Publishes Andrea Simon’s “Ten Business Trends From The Trenches For 2013″

Andrea-SimonAndrea Simon’s insightful and instructive “Ten Business Trends From The Trenches For 2013″ is currently being featured in an article on

Principle and founder of Simon Associates Management Consultants, Andrea explains in her “Ten Business Trends” article that the CEOs she meets around the country are touchpoints highlighting what’s evolving in the business world. “They might not answer a survey or even be aware of how their situations reflect a larger pattern, but their candor helps us see what’s occurring now—and where we need to stimulate more change,” she writes.

According to the posting, Andrea’s Top Ten Trends From The Trenches are:

1. The Power Of Women Is Growing.
The number of women-owned businesses is up by 54 percent in the past 15 years. During the 2008 recession, more men than women lost jobs, largely because women have more knowledge-based positions and have adapted themselves (with a higher percentage obtaining new degrees) to make the most of new industries. For the economy’s sake, we must sustain this pace.

2. The Middleman Is Becoming Extinct.
Distributors and other “middlemen” are under siege. Their roles are changing quickly, regardless of industry, as the supply chain, and their companies’ business models are evolving. Much of this can be attributed to the growth of e-commerce and how end-users are transforming the buying process in both B2C and B2B companies.

3. Entrepreneurs Are Everywhere.
The power of start-ups should not be underestimated, as they’re more abundant than ever. Young people fresh out of MBA programs, and others no longer in large companies, are turning hobbies into businesses via economic opportunity and necessity.

4. Off-label Use Of Products And Technology Is Creating A New R&D Department—The User.
Anyone who discovers a new use for a technology or a product is changing its purpose. Showing the world is easy via YouTube. One of our clients received a YouTube video showing how someone re-purposed his building product for a completely different use—which opened a previously unimaginable market for him.

5. Healthcare Is In Turmoil.
Everything is changing: reimbursements, billing, expectations of how and where to treat patients, major payer procedures, patient behaviors, the value of physicians entering the market and those maturing in it—you name it. New approaches are needed.

6. Family Firms Claim The Greatest Part Of America’s Wealth.
So keeping them alive and thriving isn’t just good for the families, it’s important for our economy. Yet many now struggle to preserve what’s best from the past, while infusing innovation. Family firms show resilience in tough times, but don’t often take the risks others might to expand markets.

7. Culture Change Is A Big Area Of Concern
Hospitals need to change their cultures, whether engaging physicians or improving quality. Similar situations are found in K-12 schools and local communities are struggling to engage citizens in hard choices around budgets, given shrinking revenues and rising costs.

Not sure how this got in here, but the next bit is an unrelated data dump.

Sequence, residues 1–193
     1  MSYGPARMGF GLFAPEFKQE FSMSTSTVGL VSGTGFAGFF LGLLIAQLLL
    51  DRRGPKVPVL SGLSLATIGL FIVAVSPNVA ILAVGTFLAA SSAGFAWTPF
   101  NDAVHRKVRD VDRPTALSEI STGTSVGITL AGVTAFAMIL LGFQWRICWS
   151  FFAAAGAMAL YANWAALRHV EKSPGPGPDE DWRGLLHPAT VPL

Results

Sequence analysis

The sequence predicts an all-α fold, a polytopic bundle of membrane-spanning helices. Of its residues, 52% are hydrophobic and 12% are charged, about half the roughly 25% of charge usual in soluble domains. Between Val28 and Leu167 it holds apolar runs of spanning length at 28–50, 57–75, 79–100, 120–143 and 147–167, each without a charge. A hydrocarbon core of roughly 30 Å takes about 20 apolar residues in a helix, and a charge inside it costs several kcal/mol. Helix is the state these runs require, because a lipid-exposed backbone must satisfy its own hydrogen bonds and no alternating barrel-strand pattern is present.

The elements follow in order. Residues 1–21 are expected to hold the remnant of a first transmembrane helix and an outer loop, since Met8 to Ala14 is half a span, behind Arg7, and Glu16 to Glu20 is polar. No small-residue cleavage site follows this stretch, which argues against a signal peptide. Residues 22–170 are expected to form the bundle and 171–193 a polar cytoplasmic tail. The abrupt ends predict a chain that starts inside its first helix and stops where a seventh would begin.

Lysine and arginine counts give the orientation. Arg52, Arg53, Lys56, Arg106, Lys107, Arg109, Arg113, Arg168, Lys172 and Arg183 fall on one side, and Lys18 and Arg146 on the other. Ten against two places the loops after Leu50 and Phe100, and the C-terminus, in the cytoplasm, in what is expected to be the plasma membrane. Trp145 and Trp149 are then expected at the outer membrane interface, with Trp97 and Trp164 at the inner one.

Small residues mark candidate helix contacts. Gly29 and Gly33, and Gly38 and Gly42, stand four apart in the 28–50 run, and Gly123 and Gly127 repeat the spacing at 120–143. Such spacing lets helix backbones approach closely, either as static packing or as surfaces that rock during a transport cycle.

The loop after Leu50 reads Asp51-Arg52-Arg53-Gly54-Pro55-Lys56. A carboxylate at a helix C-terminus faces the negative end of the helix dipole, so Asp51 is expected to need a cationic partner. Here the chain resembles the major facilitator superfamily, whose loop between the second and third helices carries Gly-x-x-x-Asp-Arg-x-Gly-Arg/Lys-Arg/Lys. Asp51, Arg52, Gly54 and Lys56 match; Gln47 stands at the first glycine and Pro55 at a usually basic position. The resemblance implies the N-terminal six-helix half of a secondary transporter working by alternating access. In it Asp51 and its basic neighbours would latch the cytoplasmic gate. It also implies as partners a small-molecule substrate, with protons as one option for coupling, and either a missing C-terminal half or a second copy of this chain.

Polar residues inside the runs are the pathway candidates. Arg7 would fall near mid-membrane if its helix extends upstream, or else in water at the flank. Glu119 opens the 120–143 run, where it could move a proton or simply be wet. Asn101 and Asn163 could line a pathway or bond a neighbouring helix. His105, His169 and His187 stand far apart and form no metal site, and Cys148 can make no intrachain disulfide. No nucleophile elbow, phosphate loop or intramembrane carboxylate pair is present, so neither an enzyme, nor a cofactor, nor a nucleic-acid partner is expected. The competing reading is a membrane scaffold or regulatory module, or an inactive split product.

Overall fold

8. Made In The USA Is Catching On.
Our client realized that the time and cost of shipping from China was itself a commodity. By buying the manufacturing equipment from China and establishing a U.S. factory, he transformed his entire business model. Other companies are implementing similar strategies.

9. Blue Ocean Strategies Are Really Working
and more companies are using them to find growing, unmet needs in the new, ever-evolving global marketplace. I have seen this occur in industries as diverse as hydration system manufacturing, financial services and construction.

10. Sustainability Directors Are An Entirely New Market That Should Be Tapped.
Any company creating new, energy efficient ways of doing things will serve this group well. One client specializing in roofing saw the momentum shifting from replacing an old roof to adding roofs that reduce energy usage. Given the slow home-building market, this company found that Sustainability Directors at universities or other large institutions needed their services and products.

Andrea observes that companies “flexible enough to adapt to changes quickly will thrive. Those clinging to the past unfortunately will continue to decline.” She adds, “The people who will really succeed are those willing to see, think, and feel differently about their businesses. This ability to be open to new perceptions and innovations is more important now than ever— not just for your company, but for your own professional growth.”

To read the article in its entirety, click here.

About Dr. Andrea Simon and Simon Associates Management Consultants

New York-based Simon Associates Management Consultants (SAMC) serves clients in a wide range of industries from manufacturing, OEMs, customer care, hospitals, and other healthcare institutions to colleges and service industry companies, among others. One of the keys to SAMC’s success is helping the leadership at companies to “see, feel, and think” in new ways. For more information, visit You also can follow SAMC on Twitter (@andisamc) or Facebook.